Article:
Buying books: Why on-campus bookstore prices differ from online options
By: Logan Peterson, firstname.lastname@example.org
According to an online poll by The Advocate on social media, 18.5 percent of 46 respondents use the campus bookstore to buy their class materials.
Some students think that this low number is due to the bookstore’s pricing. Zepherian Richardson, a senior majoring in English writing, said he doesn’t like to buy his books on campus.
“The bookstore is my last resort because it is very expensive,” he said.
Richardson also said he thinks younger students, mainly freshmen, buy their books on campus because it is convenient, and they are not aware of better options online.
Lee Muellenbach, a senior majoring in psychology, said that she prefers the bookstore over other options.
“I think [I like] the convenience factor of not having to think about returning it through packaging and all that, just being able to pick it up from the bookstore,” Muellenbach said.
She also pointed to the bookstore’s new feature that compares prices at the bookstore to other online options, and said that, at least in her experience, the prices at the bookstore were cheaper than the options presented in the comparison tool.
Kim Samson, the director of the MSUM bookstore, said that they are competitive for some textbooks, but others are more expensive because they aren’t available online, or they are custom books. She said a lot comes down to the student’s specific field of study.
Samson said that the bookstore has lost a significant amount of market share due to Amazon and other online retailers. Instead of being upset by this change in landscape, Samson said this change has led to the bookstore providing better service for students.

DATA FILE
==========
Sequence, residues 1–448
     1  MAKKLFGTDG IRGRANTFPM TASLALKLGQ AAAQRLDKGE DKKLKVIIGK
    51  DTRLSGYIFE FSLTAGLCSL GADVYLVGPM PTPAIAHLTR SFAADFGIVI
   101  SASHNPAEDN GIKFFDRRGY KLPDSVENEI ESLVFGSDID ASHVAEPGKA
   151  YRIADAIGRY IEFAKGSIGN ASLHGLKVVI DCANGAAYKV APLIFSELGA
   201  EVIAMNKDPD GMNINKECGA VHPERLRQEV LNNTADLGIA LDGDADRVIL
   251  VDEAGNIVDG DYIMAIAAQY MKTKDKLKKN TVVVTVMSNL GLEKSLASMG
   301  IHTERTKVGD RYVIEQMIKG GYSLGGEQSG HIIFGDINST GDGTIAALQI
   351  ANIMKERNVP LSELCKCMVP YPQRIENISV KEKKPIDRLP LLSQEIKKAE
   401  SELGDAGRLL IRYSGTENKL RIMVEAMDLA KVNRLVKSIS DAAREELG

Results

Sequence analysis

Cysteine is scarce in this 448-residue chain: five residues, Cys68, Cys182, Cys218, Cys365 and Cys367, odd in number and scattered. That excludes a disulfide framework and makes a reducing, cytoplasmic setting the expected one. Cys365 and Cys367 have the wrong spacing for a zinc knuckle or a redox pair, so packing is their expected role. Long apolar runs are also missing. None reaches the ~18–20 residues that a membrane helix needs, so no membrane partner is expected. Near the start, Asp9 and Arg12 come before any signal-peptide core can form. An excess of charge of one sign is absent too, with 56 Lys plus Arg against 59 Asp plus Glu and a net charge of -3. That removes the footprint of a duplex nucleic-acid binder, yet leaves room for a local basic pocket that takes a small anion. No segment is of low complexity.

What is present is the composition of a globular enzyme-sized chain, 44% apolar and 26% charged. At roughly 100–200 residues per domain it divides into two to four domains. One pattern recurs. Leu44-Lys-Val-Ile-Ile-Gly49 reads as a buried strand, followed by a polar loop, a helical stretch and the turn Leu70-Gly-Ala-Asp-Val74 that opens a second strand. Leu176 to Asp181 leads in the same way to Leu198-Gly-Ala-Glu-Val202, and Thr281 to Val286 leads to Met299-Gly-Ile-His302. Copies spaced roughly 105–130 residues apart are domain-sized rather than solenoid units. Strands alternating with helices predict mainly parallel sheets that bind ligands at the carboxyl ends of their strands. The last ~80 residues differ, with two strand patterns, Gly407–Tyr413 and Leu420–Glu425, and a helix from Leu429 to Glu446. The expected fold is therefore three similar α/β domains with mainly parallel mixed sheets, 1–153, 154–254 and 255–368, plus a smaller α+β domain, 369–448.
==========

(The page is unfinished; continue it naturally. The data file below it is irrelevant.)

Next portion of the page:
“It’s just a reality, and it’s put us on our tip-toes,” Samson said. “We have to be better at what we do.”
Susan Knoeppe, the accounting supervisor and assistant manager at the bookstore, said, “There’s a lot of misconception about the bookstore … our hands are tied as far as what we charge. We charge based on what the publishers charge.”
According to Samson, another reason bookstore prices are sometimes higher than other online options is counterfeit textbook sellers. These third parties reprint textbooks without paying royalties or other fees to the copyright holders and sell the books through online marketplaces.
In January 2017, the Financial Times reported that Pearson Education, Cengage Learning and McGraw Hill Education, three of the biggest textbook manufacturers in the nation, were suing over 100 counterfeit book sellers on Amazon.
Samson said that because the bookstore must confirm the books they sell are legitimate and coming from the actual publishing house, they are not always at the same price-point as these illegal sellers.
Unlike other colleges, MSUM’s bookstore is independently operated and owned by the school. Most other bookstores are leased by chained operators, and a portion of their sales go to third-party businesses. All profits from the MSUM bookstore go to administration and operating costs at the store itself. They receive no state funding.
“It’s kind of nail-biting for me, but it’s a business,” Samson said. “We used to have 13 employees, and now we have four. My people have to work really hard for what they earn here.”